Venue: Merchant Adventurers Hall
I confess to being somewhat sceptical when I entered the Merchant Adventurers’ Hall for the HandleBards’ second show. Although I thoroughly enjoyed their last performance, the troupe’s hyperbolic method of performing seemed infinitely more suited to a farce like The Comedy of Errors than a tragedy like Macbeth, and I wondered if their antics might simply look foolish if they attempted a darker story. Thankfully, my doubts were unfounded – yes, the play was absolutely ridiculous at times, with the grandiose castles of the lead characters reduced to a painting that could have been done by a child, but it was charmingly so.
As expected, props were used in an an imaginative and inventive way: a pump was used to create the effect of smoke-like vapours rising from the witches’ cauldron, which contained a concoction of various remnants from the audience’s picnics, Macduff’s noble steed was a lovingly stroked bicycle, and a wheel served as Macbeth’s shield in a battle scene that was surprisingly serious. (Well, until the baked beans made a reappearance.) During Macbeth’s climatic confrontation with Macduff, metal was struck against metal in a regular beat, creating tension in a scene which demonstrated the HandleBards’ impressive ability to switch effortlessly between the comic and serious aspects of the performance – as Nottingham’s Playhouse flawed staging of Richard III last year proved, this is not an easy feat. Banquo’s death was also surprisingly touching, despite following a ludicrous attack scene in which one of the cast members aided the slow motion trajectory of the assassins’ “weapons” and provided sound effects as they were hurled at the unfortunate Thane.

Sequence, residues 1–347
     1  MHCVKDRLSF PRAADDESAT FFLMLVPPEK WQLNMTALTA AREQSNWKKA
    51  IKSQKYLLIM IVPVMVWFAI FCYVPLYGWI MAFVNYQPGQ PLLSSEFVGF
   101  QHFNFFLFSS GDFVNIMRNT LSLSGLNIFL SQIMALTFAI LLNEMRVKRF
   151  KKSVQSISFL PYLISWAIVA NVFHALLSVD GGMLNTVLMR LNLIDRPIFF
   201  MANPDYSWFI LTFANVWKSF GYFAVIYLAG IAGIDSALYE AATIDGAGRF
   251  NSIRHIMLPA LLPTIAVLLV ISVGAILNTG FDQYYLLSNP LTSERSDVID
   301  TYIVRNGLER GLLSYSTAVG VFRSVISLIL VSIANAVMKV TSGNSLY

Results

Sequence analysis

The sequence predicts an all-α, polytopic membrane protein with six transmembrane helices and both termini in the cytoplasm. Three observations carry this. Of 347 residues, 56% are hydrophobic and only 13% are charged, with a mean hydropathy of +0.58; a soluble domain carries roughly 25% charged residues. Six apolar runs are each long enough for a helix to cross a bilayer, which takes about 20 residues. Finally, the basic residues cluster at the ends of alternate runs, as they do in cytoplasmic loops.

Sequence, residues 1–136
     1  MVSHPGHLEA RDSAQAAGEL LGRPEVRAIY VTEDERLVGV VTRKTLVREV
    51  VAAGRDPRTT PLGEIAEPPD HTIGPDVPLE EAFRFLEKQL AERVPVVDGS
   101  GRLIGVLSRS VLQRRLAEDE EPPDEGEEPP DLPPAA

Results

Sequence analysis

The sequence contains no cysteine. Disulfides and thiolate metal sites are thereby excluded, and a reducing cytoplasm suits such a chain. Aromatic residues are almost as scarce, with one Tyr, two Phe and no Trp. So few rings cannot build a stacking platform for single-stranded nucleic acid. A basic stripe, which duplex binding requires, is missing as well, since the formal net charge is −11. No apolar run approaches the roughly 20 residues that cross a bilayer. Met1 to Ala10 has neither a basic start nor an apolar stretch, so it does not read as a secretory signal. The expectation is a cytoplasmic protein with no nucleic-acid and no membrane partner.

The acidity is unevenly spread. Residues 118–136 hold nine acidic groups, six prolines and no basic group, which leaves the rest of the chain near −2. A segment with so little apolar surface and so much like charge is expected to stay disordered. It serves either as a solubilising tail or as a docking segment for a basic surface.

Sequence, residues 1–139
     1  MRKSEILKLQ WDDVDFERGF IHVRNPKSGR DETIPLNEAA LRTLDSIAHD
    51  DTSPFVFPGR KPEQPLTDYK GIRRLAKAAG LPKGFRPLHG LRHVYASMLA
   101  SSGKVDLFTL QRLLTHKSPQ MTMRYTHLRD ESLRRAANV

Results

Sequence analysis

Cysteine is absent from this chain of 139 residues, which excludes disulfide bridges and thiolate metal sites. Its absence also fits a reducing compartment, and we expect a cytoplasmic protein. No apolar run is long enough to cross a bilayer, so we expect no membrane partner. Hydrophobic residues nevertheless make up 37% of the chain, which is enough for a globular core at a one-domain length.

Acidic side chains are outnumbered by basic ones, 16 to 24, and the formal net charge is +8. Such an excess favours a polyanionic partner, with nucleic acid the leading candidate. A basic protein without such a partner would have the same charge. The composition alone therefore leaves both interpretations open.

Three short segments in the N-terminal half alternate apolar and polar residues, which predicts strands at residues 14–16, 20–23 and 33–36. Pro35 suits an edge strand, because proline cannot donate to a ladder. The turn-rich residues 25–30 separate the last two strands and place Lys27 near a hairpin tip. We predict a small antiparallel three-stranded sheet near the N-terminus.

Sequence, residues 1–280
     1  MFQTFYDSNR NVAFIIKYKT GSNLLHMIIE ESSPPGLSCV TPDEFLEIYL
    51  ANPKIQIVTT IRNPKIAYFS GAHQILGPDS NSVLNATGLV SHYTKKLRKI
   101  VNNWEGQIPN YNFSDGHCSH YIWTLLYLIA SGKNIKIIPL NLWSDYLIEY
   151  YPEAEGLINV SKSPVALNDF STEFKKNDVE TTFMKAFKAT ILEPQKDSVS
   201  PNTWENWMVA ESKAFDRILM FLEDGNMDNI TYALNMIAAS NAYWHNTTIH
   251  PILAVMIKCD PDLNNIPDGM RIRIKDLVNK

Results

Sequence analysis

Watching the HandleBards’ two shows together opened the door for greater appreciation by allowing the cast to showcase the full range of their talents. Callum Brodie, for example, had more opportunity to demonstrate his versatility as an actor in Macbeth than he did in The Comedy of Errors due to the greater number of roles he was required to play. Incidentally, it was a lot easier to distinguish between the different characters in Macbeth (all of the characters are played by four actors, plus one or two unsuspecting audience members) than it was in the sometimes chaotic Comedy of Errors. The cast’s improvisation skills, demonstrated through their interactions with the audiences and the way they handled outside hecklers, should also be commended
The HandleBards did not shy away from self-mockery. Their limited collection of props allowed for some wonderfully comic irony – for example, Macduff praised the “pleasant seat” in Macbeth’s castle whilst uncomfortably perched on a backless, collapsible camping chair, whilst a very male Lady Macbeth commanded her husband to “come to [her] woman’s breasts” which were actually shuttlecocks. Similarly, the cast were not afraid to highlight aspects of the original script which often put off those who struggle with the Bard’s language; characters were often seen to look completely bemused as the “rapt” Macbeth launched into one of his soliloquies, whilst Macduff’s incessant questions as he struggles to come to terms with the slaughter of his family are also poked fun at when a magnificently expressive Ross cannot understand why Macduff appears not to hear him.
In short, the HandleBards have succeeded where many have failed: through their creative renderings of the Bard’s works, they have made Shakespeare accessible and entertaining for all.